It was Paula’s wealth that subsidized this enormous project. She and her daughter also dedicated themselves to copying the text so that manuscripts could be circulated far and wide.[5] Because of her own academic learning—Paula was fluent in Greek and Hebrew—it is uncertain whether she played a role in helping Jerome with the actual translation and editing. Certain scholars have attributed her quiet hand to that as well.[6]

What we see in Paula’s life was a radical devotion to follow Jesus at the cost of all prestige, wealth, and luxury. She influenced the spirituality of St. Jerome. She gave leadership to her convent. She devoted herself to a lifestyle of fasting, prayer, and charitable works. She personally financed and aided the most significant Bible translation project in the history of the church. What a leader.

MOTHER: Nonna (305-374)

Our first two ladies were leaders in the church and monastic in lifestyle. You certainly don’t have to be dedicated to an ascetic lifestyle to further God’s cause and love your family. This final biography comes from a mother in the 4th century who is still celebrated every year in the Eastern Orthodox Church.

Nonna was a Christian married to a Roman pagan. Mixed marriages were not unusual in those days due to conversion or family arrangements. In a later eulogy, her son remembers that the first thing his mother, Nonna, did every morning was pray. “What time or place for prayer escaped her? This was the first thought of her day.”[7] She was remembered for her virtuous life of fasting, prayer, and singing hymns from the Psalms. It was remarked of her, “Who was a better champion of widows and orphans?”[8]

It was her piety that led to the conversion of her husband to Christianity. Again, her son later observed, “She who was given by God to my father became not only a helper…but also a leader, personally guiding him by deed and word to what was most excellent.”[9] Three years later, this husband became bishop of the town of Nazianzus (modern-day Turkey), and faithful Nonna was ordained a deaconess. Her daughter would later become a deaconess as well. Caesarius, a son of hers, was trained in medicine and eventually became a doctor who served the Roman Emperor himself.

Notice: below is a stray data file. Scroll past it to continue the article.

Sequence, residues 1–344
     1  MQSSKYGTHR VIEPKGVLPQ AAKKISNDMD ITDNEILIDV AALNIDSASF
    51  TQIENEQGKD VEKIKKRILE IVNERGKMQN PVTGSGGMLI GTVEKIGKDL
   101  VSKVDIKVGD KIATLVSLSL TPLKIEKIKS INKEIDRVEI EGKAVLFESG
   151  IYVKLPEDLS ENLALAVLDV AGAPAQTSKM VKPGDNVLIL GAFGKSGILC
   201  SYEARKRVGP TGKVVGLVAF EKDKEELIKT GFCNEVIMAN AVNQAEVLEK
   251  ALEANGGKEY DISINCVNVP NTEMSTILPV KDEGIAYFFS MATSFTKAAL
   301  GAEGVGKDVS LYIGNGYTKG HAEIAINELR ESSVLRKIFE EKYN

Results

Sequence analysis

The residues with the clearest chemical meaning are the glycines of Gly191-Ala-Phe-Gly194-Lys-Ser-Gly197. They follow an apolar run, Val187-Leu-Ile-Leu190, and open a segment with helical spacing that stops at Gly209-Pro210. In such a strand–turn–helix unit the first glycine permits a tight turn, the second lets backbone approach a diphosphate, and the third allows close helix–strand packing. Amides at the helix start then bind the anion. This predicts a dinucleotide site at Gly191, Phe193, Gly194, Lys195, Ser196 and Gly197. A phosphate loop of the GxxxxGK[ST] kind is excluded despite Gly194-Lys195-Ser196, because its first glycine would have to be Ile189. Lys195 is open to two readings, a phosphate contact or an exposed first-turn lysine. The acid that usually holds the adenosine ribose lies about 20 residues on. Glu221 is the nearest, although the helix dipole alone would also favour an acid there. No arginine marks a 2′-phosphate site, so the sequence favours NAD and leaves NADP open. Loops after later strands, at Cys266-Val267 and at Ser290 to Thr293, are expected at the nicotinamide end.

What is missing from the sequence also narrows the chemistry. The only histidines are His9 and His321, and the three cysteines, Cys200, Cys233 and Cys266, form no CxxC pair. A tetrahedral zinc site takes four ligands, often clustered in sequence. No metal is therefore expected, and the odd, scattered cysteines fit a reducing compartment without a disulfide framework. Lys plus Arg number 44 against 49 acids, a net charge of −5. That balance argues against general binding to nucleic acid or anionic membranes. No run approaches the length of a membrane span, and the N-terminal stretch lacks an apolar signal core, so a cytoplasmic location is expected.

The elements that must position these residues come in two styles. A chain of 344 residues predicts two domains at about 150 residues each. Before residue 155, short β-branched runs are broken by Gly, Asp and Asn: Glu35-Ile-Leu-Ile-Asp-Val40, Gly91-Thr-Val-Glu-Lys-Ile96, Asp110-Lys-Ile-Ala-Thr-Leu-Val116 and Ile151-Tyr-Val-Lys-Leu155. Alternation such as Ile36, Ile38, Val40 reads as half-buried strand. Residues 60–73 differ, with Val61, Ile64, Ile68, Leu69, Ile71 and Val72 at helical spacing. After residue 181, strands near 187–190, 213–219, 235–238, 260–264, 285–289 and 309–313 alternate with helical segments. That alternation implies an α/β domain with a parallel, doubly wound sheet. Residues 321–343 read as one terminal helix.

But the child she was most remembered for was Gregory. Gregory became a monk, a priest, a famed theologian, and finally, bishop of Constantinople. He is known to history as Gregory of Nazianzus, and he praised his mother,

“She recognized only one true nobility, that of piety, and the knowledge of our origin and final destiny. The wealth she considered secure and inviolate was to strip one’s self of wealth for God and the poor, and especially for kinfolk whose fortunes had declined.”[10]

Dzubinski sums up the importance of her life, “Nonna was a model Christian, a leader in her family and in her community. By prayer and example, she led her husband to Christian faith and raised three children who became saints. And when her son, daughter, and husband died in close succession, she became the caregiver to her daughter’s orphaned children.”[11] What an example we have in this faithful mother.


Throughout history, we see women playing extraordinary roles in shaping the course of events and influencing people. Sometimes, they did this quietly, behind the scenes. At other times, their impact was very public despite oppressive expectations put on them. It is my hope that women and mothers everywhere are encouraged to keep growing into all that God has called them to be. Your exceptional talents are needed in the world. Your virtue and character are transforming your family and friends. And your faith in Jesus and leadership in the community is making a difference. We love you. Keep showing up every day, and keep being extraordinary!


[1] Dzubinski, Women in the Mission of the Church, 90.
[2] Irvin & Sunquist, History of the World Christian Movement, 523.
[3] Jerome, Letter 108, https://www.newadvent.org/fathers/3001108.htm.
[4] Cohick and Hughes, Christian Women, 195, 202.
[5] https://www.vaticannews.va/en/saints/01/26/st--paula--roman-matron-.html
[6] Ellen Battelle Dietrick, and John Augustine Zahm
[7] Gregory of Nazianzus, “Funeral Oration for His Father,” 125.
[8] Ibid, 125-127.
[9] Ibid, 124.
[10] Ibid, 125-127.
[11] Dzubinski, Women in the Mission of the Church, 90.

Tags: bible, kingdom, women, faithful, church leadership, leaders, orthodox, virtue, translation, scholarship, paula, impactful, hildegard, nonna, gregory of nazianzus